Roper: The TCI looks DOA

By Rob Roper

The Transportation Climate Initiative (TCI), referring to the organization itself rather than the policy, has put off publication of their final proposal for a multi-state, regional carbon tax on gasoline and diesel fuel for well over half a year. Originally, they promised to release it in the spring of 2020, then hinted at summer, and are currently operating under a promise to do so this fall – a window rapidly closing. Presumably, the delays are part of a strategy to hold off until a politically opportune time. It doesn’t appear such a time will ever transpire. Increasingly, TCI looks dead on arrival.

The latest blow comes from Massachusetts Governor Charlie Baker, who, up until a very short time ago, was TCI’s biggest cheerleader. But now, according to the Boston Herald, “Gov. Charlie Baker said governors are re-evaluating support of a controversial carbon tax designed to limit greenhouse gas emissions….”

Rob Roper is the president of the Ethan Allen Institute.

He further acknowledged that, “‘We’re living at a point in time right now that’s dramatically different than the point in time we were living in when people’s expectations about miles traveled and all the rest were a lot different.’”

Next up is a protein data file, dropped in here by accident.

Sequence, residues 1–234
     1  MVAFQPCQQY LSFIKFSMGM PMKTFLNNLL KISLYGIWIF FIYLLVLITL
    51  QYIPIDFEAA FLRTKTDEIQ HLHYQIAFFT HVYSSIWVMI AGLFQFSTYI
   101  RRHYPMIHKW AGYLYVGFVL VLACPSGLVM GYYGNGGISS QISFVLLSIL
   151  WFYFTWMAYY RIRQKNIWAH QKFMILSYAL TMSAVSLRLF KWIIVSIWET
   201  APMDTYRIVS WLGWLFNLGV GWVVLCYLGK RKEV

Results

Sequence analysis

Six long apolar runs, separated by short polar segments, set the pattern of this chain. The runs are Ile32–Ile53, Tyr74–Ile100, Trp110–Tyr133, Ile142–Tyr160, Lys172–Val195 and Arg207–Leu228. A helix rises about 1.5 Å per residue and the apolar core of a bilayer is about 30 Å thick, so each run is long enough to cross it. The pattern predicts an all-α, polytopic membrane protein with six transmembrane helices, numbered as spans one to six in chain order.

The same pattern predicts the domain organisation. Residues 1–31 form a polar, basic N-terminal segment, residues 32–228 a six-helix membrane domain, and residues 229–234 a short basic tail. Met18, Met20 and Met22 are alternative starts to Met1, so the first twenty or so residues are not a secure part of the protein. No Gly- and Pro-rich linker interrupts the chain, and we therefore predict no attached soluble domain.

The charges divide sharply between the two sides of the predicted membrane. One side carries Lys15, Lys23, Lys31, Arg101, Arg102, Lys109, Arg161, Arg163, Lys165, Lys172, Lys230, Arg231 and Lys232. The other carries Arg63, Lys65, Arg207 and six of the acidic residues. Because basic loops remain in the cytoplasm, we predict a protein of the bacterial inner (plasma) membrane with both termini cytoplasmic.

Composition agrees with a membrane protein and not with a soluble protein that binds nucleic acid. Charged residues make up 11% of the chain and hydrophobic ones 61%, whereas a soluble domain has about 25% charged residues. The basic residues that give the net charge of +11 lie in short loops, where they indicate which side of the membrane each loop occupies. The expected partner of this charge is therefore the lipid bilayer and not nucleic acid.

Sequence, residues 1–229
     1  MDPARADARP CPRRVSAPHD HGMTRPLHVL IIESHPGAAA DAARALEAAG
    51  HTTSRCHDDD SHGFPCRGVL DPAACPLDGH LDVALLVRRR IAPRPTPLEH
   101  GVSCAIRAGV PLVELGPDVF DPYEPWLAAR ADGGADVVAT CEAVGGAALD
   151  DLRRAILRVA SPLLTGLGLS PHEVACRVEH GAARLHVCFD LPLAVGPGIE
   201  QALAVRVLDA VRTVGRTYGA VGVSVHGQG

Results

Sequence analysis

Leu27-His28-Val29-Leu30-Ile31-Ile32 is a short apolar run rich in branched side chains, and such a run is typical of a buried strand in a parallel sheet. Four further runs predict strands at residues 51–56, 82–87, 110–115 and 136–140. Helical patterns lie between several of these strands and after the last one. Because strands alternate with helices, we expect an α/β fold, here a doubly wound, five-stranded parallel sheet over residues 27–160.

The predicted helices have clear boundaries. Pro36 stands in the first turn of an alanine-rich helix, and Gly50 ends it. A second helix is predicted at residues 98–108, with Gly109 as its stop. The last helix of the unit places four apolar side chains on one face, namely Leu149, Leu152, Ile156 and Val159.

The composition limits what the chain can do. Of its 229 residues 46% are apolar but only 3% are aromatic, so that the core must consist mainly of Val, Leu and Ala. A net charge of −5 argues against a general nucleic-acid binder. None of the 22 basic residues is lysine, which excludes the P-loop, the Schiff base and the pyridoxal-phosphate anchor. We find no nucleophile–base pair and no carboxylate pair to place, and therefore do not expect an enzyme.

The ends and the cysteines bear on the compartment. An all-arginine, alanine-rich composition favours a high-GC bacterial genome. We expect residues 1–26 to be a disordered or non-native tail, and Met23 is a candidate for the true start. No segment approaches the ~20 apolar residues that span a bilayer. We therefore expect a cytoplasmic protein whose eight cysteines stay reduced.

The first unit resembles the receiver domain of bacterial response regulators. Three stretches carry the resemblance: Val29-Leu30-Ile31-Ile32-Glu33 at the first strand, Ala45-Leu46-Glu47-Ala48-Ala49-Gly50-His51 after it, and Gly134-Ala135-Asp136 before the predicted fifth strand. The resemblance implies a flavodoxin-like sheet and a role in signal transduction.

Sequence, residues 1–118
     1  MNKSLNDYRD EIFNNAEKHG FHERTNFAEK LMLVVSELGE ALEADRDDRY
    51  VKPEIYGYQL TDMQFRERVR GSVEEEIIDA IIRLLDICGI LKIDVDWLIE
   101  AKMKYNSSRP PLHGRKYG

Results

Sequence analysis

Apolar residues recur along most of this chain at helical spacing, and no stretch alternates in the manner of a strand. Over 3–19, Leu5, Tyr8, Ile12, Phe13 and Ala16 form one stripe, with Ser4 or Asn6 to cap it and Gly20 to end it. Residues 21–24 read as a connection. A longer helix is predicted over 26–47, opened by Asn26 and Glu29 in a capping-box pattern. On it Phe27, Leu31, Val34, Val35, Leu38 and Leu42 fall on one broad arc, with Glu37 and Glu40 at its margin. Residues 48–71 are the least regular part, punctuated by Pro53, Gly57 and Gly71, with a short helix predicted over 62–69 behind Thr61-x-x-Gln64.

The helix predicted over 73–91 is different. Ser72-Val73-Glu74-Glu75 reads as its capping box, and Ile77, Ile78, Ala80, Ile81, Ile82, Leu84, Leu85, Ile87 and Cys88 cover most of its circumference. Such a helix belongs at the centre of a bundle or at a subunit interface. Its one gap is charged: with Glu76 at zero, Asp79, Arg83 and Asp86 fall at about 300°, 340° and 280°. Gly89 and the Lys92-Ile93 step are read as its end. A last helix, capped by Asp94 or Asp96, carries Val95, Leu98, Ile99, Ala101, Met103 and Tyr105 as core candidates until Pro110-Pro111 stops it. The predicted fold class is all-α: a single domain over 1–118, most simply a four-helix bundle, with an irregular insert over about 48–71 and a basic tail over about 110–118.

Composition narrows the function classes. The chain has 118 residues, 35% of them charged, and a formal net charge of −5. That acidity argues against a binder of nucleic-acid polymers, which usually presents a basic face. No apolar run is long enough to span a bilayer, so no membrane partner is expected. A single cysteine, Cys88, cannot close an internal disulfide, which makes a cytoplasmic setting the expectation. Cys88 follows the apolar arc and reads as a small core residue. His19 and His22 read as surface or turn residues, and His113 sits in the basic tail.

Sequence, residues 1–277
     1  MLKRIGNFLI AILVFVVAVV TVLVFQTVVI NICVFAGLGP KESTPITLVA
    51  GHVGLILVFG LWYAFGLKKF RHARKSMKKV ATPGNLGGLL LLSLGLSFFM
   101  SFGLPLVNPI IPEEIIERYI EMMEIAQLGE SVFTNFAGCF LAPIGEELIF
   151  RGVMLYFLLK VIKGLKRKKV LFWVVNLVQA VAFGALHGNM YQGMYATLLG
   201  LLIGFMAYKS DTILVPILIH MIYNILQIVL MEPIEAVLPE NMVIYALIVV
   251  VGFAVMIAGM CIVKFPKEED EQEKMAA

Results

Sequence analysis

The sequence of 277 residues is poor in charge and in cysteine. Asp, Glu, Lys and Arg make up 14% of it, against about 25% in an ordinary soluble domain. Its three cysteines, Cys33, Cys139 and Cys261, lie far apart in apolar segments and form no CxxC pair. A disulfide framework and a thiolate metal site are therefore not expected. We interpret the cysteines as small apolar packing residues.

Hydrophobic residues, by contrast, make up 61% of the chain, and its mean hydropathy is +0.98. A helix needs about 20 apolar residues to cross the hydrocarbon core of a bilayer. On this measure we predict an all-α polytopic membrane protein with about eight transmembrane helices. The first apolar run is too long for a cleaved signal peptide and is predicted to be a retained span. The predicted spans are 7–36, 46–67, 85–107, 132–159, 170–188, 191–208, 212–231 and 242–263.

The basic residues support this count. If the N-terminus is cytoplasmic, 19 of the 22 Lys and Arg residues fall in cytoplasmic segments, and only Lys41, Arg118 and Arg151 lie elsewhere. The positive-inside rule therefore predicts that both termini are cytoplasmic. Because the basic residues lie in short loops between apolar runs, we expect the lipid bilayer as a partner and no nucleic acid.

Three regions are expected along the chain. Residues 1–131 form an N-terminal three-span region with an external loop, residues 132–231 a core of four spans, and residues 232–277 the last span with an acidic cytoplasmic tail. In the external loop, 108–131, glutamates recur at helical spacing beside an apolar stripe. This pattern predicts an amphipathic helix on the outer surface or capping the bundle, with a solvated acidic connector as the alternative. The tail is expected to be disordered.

The “dramatically different” time, of course, refers to the Covid economic decline. This is no doubt a large factor in Baker’s and other governors’ thinking. People are driving less regardless of a penalizing carbon tax squeezing us to do so, and trends toward working from home and reduced business travel are projected to continue beyond the pandemic. Imposition of a 17 cent per gallon tax on motor fuels is no longer necessary to affect a reduction in transportation emissions.

Moreover, the costs of the program in the cost/benefit equation – both economic and political – are growing more acute. The prospect of a 17 cent tax/surcharge/fee on gas was never a political winner. The Ethan Allen Institute conducted a scientific poll of 600 Vermonters in October and found that 54% oppose Vermont joining TCI if it meant paying that much more at the pump, 42% strongly opposed, compared to 38% who support the idea with less than 20% strongly so.

Add to that general distaste, for example, that as restaurants struggle to remain afloat, increasing the cost of produce shipped by truck would be a cruel kick to an industry that’s already down. Similarly, when the tourism and hospitality industries are trying to ramp back up, saddling their potential customers with higher transportation costs to reach their destinations is counterproductive. The same can be said in regard to workers as they return to their jobs. After long layoffs and/or decreased earnings, are politicians really going to tell folks that, now that you’re employed again, you’ll have to pay this penalty for getting to and from work?